Make America Sane Again: How an American in Holland deals with watching and participating in a crazy election season
Watching the US presidential debates, one might think that a 21st century Genghis Kahn is amassing an army in Mexico ready to invade, every single email is a top secret document that will bring down the United States, and discussing actual policy is political suicide.
In short, it has been a really embarrassing time to be an American citizen living abroad.
Our debates are more reality television than two intelligent (in an ideal world) experts debating policy. Our political rallies, both right and left, are often vain, and focused on political rhetoric and spewing catch phrases in attempt to whip the crowd into a nationalistic fervor.
When I was at home, I was of course annoyed by the ludicrousy of our politics. When I moved to Amsterdam though, all of this stood out even more. It just seems utterly ridiculous looking from the outside in.
What my fellow students think
I’ve spoken with friends from Germany, England, Portugal, and Holland about US elections. All are fascinated, sometimes in a slightly horrified manner, by US politics. To them, election cycles seem more focused on providing entertainment than providing information about candidates running for arguably the most powerful position in the world.
All of them are slightly alarmed because the US has such big impact on world diplomacy and the global economy. All have, at one point or another, said to me:
Vote! Please, please vote!
Saying I’ve heard “please, please vote” from a couple people would be the biggest understatement of the century. Voting has always been important to me. Back in the US, we have really low voter turnout, and among people my age it’s horrible.
Even though I’ve fallen in love with Amsterdam and would love to stay here after my graduation if possible, I still think it’s important to help represent the voice of younger people, especially because American elections have very global implications.
Voting while living in the Netherlands is not super easy but it’s definitely achievable. I had my ballot emailed to me by my state. After filling it out, I had a hassle free experience at a Dutch post office to mail my ballot back to my voting district.
It gave me an excuse to wander down this beautiful street!
If any Americans living abroad are reading this, don’t wait to mail your absentee ballot! Your vote counts too!
Now all I can do is sit back and wait with the rest of my country for the results on November 8th.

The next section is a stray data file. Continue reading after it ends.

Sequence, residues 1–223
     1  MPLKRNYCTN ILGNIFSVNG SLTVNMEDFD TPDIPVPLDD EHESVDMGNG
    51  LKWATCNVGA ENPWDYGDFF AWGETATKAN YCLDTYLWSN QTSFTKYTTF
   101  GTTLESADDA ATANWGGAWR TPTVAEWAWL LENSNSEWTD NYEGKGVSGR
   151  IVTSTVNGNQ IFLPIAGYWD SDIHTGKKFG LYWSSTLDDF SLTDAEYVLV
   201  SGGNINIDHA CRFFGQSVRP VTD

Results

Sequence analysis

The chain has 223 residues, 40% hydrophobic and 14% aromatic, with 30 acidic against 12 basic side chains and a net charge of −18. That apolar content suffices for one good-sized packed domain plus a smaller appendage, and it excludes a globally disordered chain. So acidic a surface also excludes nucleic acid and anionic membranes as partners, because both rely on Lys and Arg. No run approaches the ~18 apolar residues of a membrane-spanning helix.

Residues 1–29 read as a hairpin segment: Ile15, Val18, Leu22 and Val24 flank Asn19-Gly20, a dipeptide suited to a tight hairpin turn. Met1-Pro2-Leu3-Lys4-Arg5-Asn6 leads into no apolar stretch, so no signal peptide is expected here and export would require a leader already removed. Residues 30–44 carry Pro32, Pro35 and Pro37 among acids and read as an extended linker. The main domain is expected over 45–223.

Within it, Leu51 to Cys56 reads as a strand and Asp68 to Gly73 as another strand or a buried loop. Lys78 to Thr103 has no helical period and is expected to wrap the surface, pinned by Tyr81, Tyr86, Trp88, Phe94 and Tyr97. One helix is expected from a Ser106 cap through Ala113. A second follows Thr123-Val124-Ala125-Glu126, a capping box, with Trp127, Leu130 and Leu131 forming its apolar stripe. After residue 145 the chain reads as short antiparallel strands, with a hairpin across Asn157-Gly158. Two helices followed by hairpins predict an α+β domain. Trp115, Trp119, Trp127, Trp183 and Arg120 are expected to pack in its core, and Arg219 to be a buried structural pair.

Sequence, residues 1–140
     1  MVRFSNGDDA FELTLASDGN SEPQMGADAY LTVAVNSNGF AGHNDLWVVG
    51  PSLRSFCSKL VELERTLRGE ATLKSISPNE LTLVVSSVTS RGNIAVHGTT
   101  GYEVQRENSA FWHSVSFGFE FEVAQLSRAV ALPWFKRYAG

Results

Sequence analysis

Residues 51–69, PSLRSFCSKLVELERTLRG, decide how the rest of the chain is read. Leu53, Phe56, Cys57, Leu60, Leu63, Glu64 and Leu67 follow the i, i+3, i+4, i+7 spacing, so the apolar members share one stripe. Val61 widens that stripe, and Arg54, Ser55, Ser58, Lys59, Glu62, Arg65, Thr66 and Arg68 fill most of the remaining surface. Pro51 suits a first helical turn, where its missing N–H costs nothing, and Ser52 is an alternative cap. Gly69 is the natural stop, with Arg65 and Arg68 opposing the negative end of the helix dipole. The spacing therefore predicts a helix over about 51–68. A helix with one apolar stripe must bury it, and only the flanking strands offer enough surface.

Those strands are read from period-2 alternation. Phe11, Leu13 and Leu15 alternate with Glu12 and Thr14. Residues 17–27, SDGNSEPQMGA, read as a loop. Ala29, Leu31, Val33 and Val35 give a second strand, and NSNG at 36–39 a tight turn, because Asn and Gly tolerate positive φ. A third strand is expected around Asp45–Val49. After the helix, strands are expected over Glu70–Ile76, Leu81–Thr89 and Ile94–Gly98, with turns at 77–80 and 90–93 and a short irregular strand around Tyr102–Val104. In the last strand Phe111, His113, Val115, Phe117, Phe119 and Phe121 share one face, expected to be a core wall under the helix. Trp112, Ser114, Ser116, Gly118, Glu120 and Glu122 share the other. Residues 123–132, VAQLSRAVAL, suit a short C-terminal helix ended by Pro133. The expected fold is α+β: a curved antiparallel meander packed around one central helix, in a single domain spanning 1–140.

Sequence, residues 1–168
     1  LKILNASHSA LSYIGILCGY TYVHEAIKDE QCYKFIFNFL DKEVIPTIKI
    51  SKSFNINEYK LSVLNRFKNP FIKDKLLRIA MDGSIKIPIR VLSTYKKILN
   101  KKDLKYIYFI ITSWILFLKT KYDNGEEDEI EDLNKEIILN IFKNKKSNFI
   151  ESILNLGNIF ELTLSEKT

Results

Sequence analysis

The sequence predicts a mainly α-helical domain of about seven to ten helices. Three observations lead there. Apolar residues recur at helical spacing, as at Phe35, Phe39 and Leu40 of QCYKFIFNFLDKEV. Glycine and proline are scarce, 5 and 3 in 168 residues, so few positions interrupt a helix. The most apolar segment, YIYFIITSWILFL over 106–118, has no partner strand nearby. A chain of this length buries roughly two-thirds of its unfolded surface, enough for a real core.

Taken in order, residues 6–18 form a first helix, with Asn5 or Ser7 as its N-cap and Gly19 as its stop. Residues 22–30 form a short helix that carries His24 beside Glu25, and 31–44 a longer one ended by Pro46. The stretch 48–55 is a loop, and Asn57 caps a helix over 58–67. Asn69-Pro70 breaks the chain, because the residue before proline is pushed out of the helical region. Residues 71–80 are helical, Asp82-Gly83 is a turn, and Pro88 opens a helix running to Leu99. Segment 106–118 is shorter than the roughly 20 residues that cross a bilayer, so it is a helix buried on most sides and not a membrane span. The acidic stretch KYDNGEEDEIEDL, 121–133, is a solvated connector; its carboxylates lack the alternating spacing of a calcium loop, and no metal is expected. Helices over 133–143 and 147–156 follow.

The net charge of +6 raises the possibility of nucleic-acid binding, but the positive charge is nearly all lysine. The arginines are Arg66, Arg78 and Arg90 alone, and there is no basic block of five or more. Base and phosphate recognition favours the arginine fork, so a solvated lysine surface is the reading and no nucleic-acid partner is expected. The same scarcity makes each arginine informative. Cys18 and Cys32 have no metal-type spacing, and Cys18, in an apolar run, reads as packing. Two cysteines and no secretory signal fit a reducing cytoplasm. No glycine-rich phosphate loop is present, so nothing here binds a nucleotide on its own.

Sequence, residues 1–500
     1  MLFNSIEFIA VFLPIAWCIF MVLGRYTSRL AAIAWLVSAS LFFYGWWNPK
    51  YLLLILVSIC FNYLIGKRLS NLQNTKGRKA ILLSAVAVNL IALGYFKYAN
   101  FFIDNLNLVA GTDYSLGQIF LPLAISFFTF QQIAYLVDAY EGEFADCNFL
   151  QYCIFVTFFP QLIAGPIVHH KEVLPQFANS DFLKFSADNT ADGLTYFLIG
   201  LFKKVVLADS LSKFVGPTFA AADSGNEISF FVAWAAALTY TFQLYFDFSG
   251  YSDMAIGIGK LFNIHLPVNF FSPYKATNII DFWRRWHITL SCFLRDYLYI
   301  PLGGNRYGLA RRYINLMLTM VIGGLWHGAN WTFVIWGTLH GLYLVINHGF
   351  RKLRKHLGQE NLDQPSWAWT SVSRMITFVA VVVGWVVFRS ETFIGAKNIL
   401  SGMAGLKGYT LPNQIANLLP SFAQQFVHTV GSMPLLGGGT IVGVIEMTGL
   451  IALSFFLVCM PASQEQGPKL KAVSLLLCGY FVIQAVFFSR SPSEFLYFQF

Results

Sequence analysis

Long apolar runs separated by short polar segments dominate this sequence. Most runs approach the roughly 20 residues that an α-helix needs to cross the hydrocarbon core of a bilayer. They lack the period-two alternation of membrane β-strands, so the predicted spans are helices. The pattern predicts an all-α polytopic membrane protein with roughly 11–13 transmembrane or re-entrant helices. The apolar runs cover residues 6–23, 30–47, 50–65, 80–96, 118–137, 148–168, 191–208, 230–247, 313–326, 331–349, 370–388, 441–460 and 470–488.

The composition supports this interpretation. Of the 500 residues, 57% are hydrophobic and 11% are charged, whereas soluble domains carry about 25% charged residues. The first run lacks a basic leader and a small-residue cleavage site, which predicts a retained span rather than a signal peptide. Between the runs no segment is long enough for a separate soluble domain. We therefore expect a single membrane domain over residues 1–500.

What I’ve learned from living abroad during this election season
Coming from a country where major politicians talk about building walls an uncomfortable amount, it was quite nice to see how much people in the Netherlands know about the US and our politics. Here in Holland people know not only the main figures, but even lesser known politicians.
As a foreign student, this Dutch (and european in general) knowledge has been good and bad. It's always easy to start a conversation, because people are always curious about our strange politics and it’s been a good way to learn about other countries and their political systems.
The bad side is I have to answer question about a certain blonde guy who loves walls and convince people that not all Americans are for his “brand” of politics. Everyone, EVERYONE, asks me about him.
People here are very informed, usually by fairly unbiased media sources. I think the US could learn a thing or two by watching how Europeans consume information related to elections. The coverage seems more policy related with less rhetoric.
Having said this, I know every country has some crazy people in their political systems, and many have very big problems. The difference is most of the time these characters don’t get global attention, and thankfully are usually marginal players in their domestic politics.
Also, I would like to say that the opinions in this article are mine alone and do not necessarily reflect the Study in Holland website or anyone but me.
If any foreign students living in the Netherlands have taken part in the elections of their home countries while living in the Netherlands, I’d love to hear about your experience and how it differed from mine!